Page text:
The Effects of Social Media on Depression

We’re all guilty of it: mindlessly scrolling through our social media feeds whenever we get a few spare moments. Sometimes, those minutes extend to hours. Those hours are killing us, and the trend doesn’t seem to be slowing down. Our collective psychology is being harmed and the outlook doesn’t look good.

In fact, the American Academy of Pediatrics warns us regarding the possibility of negative impacts of social media in children and teens, including so-called “Facebook depression” and cyberbullying. However, the threat is very real to adults as well, and it spans across generations, says Forbes.

By the Numbers

The use of many social media platforms has been linked with depression and anxiety risk, according to Psychiatric News. Research has long suggested a connection between spending lots of time on social media and negative health outcomes. But new evidence is coming out that suggests whether it’s distracting attention from using several social media platforms or the emotional consequences of having negative online experiences, it’s the quality—rather than quantity in many cases—of social media engagement that have a bigger impact on mood and well-being.

One study in particular, published in Computers in Human Behavior, revealed that the use of multiple social media platforms is more notably linked to depression and anxiety disorders among young people than the amount of time spent online. Researchers surveyed 1800 young adults about their time spent on the top social media platforms, ranging from Facebook and YouTube to Instagram and Snapchat.

Those who reported using the most platforms (up to 11) had more than three times the risk of depression and anxiety than those who claimed to use the least amount (no more than two).

Why is this Happening?

All of these studies beg the question: why does excessive social media use cause depression? Is it a result of so much time spent online or are depressed people more likely to use social media excessively? It becomes necessary to examine how social media applications hijack human psychology.

It’s the goal of all social media platforms to keep their users online as long as possible so they can impart as many advertising messages to as many people as possible. They do this by adding addiction triggers that reward individuals for staying online for longer periods of time. You can equate this to the release of the feel-good chemical dopamine that gives gamblers and alcoholics a feeling of reward and pleasure. Social media applications are also fraught with such dopamine release triggers. We all crave the likes, comments and notifications we get on our phone through social apps that make us feel as though we belong. PsychCentral calls these “brain hacks” that trick us into this way of thinking and that create positive feelings of acceptance. When we don’t get this dopamine release from our apps and phones, we begin to feel fear, anxiety and loneliness. See that? That’s the door to depression.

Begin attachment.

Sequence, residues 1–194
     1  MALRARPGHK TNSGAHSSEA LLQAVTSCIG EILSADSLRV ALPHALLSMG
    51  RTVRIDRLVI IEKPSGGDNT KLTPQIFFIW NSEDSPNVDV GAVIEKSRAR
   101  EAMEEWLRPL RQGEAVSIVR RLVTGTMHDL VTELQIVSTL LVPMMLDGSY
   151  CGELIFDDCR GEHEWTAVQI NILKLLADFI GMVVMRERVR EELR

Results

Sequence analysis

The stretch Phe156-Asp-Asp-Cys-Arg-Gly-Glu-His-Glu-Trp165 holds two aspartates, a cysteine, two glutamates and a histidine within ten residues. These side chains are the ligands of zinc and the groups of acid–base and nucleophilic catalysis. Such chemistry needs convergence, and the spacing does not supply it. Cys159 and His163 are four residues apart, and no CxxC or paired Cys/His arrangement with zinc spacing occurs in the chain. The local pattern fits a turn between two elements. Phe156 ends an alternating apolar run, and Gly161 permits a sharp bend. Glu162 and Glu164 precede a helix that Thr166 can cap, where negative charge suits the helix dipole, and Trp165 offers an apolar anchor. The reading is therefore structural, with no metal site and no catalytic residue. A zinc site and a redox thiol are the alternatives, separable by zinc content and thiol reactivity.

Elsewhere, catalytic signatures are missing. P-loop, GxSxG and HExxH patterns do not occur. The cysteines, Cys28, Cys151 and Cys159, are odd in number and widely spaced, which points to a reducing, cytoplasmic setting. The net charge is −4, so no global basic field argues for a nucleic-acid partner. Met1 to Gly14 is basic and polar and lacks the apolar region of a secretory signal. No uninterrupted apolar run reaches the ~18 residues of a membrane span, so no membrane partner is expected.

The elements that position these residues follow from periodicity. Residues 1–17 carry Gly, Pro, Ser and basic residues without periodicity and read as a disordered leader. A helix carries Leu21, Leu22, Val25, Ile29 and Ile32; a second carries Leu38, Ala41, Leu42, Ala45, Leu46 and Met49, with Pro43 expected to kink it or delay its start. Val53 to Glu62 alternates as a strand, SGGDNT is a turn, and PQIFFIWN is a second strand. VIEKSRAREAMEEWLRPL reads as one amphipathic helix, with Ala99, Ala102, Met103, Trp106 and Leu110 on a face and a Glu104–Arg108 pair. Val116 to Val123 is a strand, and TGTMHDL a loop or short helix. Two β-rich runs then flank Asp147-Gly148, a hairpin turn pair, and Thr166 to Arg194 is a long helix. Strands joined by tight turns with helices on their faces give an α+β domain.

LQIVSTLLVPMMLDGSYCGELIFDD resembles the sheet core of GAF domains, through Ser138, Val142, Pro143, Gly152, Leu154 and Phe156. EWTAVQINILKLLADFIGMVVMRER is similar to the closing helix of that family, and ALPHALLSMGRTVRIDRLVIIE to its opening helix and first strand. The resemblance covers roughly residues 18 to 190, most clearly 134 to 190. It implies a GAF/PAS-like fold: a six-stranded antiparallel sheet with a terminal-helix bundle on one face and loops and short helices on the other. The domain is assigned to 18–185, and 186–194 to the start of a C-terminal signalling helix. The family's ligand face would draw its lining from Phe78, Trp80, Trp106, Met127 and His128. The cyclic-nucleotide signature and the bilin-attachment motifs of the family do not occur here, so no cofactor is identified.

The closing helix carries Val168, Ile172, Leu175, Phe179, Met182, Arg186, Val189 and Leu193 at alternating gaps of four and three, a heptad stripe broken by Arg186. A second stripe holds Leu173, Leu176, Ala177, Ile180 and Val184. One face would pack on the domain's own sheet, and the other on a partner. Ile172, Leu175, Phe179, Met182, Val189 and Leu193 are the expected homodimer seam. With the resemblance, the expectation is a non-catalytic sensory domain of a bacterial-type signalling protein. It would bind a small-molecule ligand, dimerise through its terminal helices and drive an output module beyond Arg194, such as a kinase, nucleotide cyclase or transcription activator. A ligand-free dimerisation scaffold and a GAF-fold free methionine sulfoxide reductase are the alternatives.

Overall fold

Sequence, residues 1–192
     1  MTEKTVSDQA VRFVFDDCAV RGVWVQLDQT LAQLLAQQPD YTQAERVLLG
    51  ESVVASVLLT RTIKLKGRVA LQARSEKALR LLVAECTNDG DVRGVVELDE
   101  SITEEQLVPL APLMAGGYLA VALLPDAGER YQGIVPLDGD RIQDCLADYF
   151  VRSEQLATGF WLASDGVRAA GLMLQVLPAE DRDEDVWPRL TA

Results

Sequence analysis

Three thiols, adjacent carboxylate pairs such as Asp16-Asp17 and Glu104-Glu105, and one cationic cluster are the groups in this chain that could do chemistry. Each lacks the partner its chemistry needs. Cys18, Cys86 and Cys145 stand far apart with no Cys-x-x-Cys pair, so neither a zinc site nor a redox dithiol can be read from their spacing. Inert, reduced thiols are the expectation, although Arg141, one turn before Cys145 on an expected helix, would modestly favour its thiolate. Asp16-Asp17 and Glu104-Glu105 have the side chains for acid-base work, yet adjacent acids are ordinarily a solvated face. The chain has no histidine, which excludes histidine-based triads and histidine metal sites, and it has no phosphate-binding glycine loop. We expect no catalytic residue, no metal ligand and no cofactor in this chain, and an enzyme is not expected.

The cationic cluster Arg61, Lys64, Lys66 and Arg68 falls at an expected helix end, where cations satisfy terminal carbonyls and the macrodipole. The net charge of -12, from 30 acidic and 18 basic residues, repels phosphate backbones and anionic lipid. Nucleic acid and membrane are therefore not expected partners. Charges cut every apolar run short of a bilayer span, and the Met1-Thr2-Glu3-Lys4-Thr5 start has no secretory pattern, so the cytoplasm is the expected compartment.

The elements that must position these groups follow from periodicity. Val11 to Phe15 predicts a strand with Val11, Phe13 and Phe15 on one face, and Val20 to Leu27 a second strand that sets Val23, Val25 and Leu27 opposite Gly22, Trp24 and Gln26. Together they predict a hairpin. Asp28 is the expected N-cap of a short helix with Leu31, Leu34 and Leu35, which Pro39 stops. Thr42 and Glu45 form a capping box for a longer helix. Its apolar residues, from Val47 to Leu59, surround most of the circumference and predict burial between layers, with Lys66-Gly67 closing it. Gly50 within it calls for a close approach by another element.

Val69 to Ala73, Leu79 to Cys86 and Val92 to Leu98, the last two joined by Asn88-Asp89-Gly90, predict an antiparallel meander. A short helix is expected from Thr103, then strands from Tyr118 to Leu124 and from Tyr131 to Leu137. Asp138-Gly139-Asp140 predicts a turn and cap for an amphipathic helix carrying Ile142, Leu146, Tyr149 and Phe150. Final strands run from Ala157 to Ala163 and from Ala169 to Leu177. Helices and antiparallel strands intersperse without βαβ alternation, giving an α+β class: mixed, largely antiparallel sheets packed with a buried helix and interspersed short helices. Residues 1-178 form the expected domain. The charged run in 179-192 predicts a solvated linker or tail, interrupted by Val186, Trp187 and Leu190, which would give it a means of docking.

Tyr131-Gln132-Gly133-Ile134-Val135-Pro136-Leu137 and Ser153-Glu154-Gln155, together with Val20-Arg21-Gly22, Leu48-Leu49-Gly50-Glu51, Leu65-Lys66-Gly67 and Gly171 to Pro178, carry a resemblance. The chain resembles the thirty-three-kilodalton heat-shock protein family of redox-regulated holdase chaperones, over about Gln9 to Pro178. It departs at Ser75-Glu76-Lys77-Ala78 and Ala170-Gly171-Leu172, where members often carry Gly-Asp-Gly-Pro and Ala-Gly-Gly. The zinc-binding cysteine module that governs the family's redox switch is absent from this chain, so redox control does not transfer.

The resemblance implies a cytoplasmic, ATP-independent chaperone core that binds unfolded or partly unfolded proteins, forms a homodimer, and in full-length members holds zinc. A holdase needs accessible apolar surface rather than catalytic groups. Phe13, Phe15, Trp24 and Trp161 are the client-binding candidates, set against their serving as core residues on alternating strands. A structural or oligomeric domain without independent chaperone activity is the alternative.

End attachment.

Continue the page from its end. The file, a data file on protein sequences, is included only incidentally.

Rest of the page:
This isn’t to say that everyone who spends lots of time on social media platforms will get depressed. Many people get depressed who aren’t on social media at all. This is just one contributing factor to the overall disease of major depression, which is on the rise across the board but particularly among teens and millennials.

You don’t have to live with depression due to social media or any other cause for that matter. We can help. Contact Comprehensive MedPsych Systems at 941-363-0878. Here, you will have access to compassionate, skilled therapists who have experience treating a wide variety of mental health disorders and issues, including depression.

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